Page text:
SPRING HILL — Reagan Huden came into this season only eight points shy of a milestone that no other player in Springstead High history had ever reached — 1,000 points for a career.
The Eagles have been playing girls basketball for 40 years, but the program has been one of the least successful until recently. The team went 0-20 as recently as 2010, but the past few years have indicated a culture change.
"It all starts with the freshmen," Springstead coach Jay McNerney said. "You have to let them know the expectations right away."
The tide turned when McNerney took over on the sideline in 2014. In three years, he already is the second-winningest coach in program history with a 37-32 mark coming into this season. With Ed Chester sporting a 44-109 record in his two stints at the helm (1981-84, 1992-96), McNerney likely will surpass him before the season ends.
Much of that success can be attributed to his trust in Huden. The diminutive point guard runs the offense with precision, dangerous as both a scorer and passer. Even at 5-foot-4, she is a force on the boards because of her hustle and refusal to ever give up on a play.
"Reagan was so quiet when she first came in as a freshman," McNerney said. "She wasn’t much different as a sophomore, but over the past couple years, she has become more comfortable as a leader and the other girls really take their cues from her."
Anyone who saw her knew early on that she was going to be an impact player in high school. While attending Explorer K-8 during middle school, she was already attracting attention as an eighth grader. Then-Springstead coach George Bennett would routinely trek down the road to watch her play.
As a freshman, Huden set a school record by posting a 17.3 scoring average. Last year, she broke her own record when she averaged 18.8 points per game. Even with all her highlights and exploits, including being named to the Times’ all-North Suncoast team each of her three prep seasons, she had never surpassed 30 points in a game.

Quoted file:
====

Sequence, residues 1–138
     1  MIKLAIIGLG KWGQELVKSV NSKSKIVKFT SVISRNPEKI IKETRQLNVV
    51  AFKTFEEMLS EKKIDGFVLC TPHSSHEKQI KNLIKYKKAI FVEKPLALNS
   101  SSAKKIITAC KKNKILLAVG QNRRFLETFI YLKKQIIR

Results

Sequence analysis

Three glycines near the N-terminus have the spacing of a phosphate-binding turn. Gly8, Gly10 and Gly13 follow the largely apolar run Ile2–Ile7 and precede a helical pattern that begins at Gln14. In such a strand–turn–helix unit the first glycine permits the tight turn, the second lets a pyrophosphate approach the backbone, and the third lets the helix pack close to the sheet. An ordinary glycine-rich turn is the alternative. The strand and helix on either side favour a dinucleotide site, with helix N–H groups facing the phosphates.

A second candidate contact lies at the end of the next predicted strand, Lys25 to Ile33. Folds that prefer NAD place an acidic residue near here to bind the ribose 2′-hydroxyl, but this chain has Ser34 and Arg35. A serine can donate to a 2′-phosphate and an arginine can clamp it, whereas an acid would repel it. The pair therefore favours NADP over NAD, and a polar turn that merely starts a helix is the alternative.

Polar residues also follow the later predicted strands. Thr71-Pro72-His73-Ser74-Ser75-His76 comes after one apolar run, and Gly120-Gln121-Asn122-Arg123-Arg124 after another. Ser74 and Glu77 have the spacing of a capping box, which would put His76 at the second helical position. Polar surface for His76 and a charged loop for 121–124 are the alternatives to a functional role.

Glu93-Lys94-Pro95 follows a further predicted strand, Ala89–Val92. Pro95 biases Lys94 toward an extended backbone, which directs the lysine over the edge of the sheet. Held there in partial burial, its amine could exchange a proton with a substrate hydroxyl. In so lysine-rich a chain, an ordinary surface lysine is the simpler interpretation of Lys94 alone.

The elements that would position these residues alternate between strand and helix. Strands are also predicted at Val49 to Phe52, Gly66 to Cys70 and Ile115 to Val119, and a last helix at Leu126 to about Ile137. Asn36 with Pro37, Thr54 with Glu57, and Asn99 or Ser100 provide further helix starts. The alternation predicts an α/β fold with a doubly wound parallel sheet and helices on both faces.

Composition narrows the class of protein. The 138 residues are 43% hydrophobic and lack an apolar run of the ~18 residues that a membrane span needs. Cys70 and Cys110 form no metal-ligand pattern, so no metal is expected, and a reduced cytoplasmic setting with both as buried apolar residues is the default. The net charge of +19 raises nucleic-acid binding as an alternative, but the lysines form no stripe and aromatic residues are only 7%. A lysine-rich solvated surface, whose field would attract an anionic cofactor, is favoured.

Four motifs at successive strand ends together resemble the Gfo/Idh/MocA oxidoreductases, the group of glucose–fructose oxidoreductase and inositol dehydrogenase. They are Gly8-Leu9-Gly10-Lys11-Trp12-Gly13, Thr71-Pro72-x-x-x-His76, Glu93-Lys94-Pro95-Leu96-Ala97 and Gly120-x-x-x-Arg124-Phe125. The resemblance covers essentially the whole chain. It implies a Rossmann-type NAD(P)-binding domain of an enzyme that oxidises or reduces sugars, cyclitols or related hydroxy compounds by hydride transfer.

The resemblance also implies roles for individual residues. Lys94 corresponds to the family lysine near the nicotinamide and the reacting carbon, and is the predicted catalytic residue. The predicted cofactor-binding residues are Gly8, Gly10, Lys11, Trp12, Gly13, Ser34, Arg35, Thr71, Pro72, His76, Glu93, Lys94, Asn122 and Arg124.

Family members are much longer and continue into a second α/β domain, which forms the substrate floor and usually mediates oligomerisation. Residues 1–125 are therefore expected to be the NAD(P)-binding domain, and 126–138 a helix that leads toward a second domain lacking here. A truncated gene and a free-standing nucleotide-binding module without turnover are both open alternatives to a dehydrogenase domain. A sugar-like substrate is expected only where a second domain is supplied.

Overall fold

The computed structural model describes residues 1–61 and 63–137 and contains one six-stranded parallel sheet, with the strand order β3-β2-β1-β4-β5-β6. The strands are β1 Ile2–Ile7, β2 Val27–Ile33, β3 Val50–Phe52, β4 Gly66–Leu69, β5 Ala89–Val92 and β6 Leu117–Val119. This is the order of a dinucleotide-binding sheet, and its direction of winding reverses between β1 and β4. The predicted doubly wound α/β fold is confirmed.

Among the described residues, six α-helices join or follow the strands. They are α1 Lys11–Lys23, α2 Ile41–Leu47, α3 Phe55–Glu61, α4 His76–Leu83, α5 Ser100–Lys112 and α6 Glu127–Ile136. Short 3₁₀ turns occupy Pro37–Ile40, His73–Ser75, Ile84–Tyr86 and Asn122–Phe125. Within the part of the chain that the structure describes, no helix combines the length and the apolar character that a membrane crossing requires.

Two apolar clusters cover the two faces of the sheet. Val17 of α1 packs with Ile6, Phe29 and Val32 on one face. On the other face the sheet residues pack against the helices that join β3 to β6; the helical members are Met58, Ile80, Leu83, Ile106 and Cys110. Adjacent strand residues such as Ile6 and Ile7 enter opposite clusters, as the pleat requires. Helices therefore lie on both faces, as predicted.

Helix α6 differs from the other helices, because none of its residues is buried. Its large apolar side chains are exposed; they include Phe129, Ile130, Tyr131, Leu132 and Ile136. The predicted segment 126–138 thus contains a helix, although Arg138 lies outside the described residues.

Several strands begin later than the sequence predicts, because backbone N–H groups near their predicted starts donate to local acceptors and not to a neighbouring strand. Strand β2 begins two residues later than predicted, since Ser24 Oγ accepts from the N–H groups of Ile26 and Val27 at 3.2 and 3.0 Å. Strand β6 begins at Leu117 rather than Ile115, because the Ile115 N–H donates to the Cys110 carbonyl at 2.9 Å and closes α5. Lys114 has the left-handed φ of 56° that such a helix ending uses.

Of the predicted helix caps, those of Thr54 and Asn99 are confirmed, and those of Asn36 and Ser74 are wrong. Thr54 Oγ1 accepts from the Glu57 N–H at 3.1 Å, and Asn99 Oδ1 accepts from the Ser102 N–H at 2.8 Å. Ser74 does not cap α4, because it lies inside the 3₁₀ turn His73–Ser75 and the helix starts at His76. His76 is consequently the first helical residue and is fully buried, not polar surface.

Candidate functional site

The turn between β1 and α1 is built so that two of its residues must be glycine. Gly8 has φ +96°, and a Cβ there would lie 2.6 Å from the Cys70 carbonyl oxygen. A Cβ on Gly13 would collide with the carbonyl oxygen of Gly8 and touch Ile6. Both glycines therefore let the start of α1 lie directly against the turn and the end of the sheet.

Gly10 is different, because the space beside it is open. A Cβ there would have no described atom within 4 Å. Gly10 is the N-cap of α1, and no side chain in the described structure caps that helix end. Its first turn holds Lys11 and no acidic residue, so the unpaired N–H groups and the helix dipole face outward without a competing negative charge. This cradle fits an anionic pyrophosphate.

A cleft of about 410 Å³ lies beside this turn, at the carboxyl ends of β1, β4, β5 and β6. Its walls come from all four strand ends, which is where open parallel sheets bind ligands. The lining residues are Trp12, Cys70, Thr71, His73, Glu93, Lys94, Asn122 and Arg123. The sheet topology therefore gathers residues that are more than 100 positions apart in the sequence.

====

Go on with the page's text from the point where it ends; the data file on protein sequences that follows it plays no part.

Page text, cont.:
That all changed in the season opener against Central. Determined to get to the 1,000-point barrier early, she buried a jumper less than a minute into the second quarter to accomplish the goal. She was far from done. The Eagles, who had reached the playoffs each of the past two seasons, were down 34-22 to the Bears at halftime.
"I was so nervous going into (the Central game)," Huden said. "I was afraid I might not even score the points I needed to get to 1,000. Once that was out of the way, I settled down, and we were able to change things."
McNerney went to Huden to lead the second-half charge, and she did not disappoint. Outscoring Central 18-9 on her own, the senior poured in a career-high 33 to lead the Eagles a 52-43 comeback victory.
"It’s a process to come together with the new girls," Huden said "Even over the five games we’ve played this year so far, the difference is huge."
The two postseason appearances for Springstead (3-2 entering the week) were the first two in school history. Last season’s 51-46 win in the Class 7A region quarterfinals at King was the first win for the team on that stage. The improvement from season to season has this current group thinking about a potential playoff run.
Huden is joined by solid role players, including double-double machine Yhanni Batts and Hernando Christian transfer Shyann McElwain. Veteran guard Morgan Nelski and freshman Tiana Stifanic have also been strong this year. With a good mix of experience and youth, McNerney is excited about this team’s potential and the future.
"We’re not worried about the games at the beginning of the season," he said. "The most important games come at the end."